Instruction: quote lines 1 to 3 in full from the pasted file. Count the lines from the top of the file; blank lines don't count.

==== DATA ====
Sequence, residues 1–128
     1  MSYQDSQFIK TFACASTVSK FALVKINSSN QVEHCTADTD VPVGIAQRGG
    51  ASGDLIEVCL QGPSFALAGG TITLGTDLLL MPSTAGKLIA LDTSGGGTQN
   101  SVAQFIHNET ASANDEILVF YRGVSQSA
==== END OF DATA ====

Sequence, residues 1–128
     1  MSYQDSQFIK TFACASTVSK FALVKINSSN QVEHCTADTD VPVGIAQRGG
    51  ASGDLIEVCL QGPSFALAGG TITLGTDLLL MPSTAGKLIA LDTSGGGTQN